Mitigation and management
The marine licence regulates the amount of material that can be extracted from the seabed (along with the minimum thickness cap of the remaining resource), along with the location and timing of dredging activity and the manner (dredging technique) in which extraction can take place.
Potential impacts on sensitive species or habitats are commonly mitigated through conditions on screening restrictions. Such restrictions may range from a complete ban on “screening” (the mechanical process of re-sizing and separating the material during dredging operations) in a particular location to limiting screening to certain times of the year (e.g. so as to avoid key life stages of commercial fish species). Seasonal restrictions may also be conditioned in order to prevent any dredging activity from impacting environmental receptors during sensitive periods.
The MMO will also condition dredging exclusion zones in order to protect areas where the thickness of resource remaining on the seabed approaches the capping layer (required to ensure seabed sediments remain similar at the end of extraction) along with conservation and heritage features. Such zones contain a suitable buffer around the receptor to ensure further impacts from ongoing dredging activity are avoided.
In order to protect features of archaeological interest, prior to commencement of dredging, the MMO must approve project-specific mitigation measures developed with archaeological curators in line with the guidance note “Marine aggregate dredging and the historic environment” developed by BMAPA and English Heritage (BMAPA, English Heritage, 2003). The note provides practical advice on assessing, evaluating, mitigating and monitoring the impact of marine aggregate dredging on archaeological features. The protocol states that all finds of archaeological interest should be reported.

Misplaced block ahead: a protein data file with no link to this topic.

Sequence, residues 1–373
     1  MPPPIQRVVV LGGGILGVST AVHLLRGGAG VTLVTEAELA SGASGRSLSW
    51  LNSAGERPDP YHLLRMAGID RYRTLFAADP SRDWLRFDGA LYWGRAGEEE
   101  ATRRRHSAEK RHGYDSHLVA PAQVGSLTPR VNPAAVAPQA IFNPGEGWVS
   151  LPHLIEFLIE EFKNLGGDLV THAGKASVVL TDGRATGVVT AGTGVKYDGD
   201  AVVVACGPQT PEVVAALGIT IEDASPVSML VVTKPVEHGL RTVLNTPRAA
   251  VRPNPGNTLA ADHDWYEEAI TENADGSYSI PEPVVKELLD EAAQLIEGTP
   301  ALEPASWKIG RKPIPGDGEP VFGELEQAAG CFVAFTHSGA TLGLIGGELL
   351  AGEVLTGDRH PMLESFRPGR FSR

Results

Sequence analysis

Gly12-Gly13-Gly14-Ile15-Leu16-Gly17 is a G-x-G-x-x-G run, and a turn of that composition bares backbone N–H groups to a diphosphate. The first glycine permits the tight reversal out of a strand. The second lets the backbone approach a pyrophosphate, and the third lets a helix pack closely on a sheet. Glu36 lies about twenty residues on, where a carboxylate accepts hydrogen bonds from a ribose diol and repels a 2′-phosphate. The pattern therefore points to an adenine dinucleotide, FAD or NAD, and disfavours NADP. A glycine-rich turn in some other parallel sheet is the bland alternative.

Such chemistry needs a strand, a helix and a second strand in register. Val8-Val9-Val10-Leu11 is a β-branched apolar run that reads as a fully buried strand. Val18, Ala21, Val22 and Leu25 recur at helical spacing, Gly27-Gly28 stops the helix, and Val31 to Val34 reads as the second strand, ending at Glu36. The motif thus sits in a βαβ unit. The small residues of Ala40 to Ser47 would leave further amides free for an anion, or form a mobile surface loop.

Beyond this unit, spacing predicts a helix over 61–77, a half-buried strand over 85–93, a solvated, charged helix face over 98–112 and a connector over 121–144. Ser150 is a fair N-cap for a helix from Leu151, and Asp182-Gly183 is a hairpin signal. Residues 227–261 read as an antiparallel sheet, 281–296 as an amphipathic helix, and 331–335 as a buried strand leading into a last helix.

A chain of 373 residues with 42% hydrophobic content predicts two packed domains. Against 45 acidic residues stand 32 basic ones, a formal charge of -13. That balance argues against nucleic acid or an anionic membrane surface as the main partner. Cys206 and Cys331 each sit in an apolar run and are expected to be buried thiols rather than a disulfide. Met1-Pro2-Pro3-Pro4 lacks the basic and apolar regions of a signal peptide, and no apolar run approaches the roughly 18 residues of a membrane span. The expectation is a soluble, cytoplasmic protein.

The aggregate dredging can also be managed through the use of active dredge areas, which limit the area of seabed that can be dredged at any one time. This restricts the extent of dredging activity within the licensed area, limiting the potential impacts to the environment and the other uses of the sea. The licence holders’ compliance with both dredging exclusion zones and active dredge areas is monitored and enforced using EMS data.
There are a number of other conditions attached to marine licences to manage potential impacts. For example, to manage the spread of invasive non-native species, conditions in relation to hopper washing restrict the locations and manner in which it can be undertaken. Marine licences generally permit removal of less than 50 m3 of any residual material and hopper washing outside of any exclusion zones. There are also various steps taken in order to manage impacts to other users of the sea. For example, fisheries liaison meetings are periodically held between the MMO, aggregate operators and fishers to facilitate their co-existence. Marine licences also condition compliance with the Fisheries Code of Practice (BMAPA, MMO, The Crown Estate, 2015) covering requirements of timely pre-commencement notification of active dredge areas and dissemination of updates to the fishing industry throughout the dredging operations. This ensures that the licensed activities do not interfere with any fishing activity.
Engagement and transparency
The MMO is fully committed to transparency and maintains a public register in accordance with section 101 of MCAA 2009. The register contains marine licence applications and decisions, along with assessments to support licence applications, supporting evidence and consultation responses. The MMO maintains regular dialogue with the aggregates industry, its representative trade body BMAPA and relevant primary and scientific advisors including Cefas, JNCC, Natural England and Historic England. The MMO also liaises closely with The Crown Estate as the seabed owner.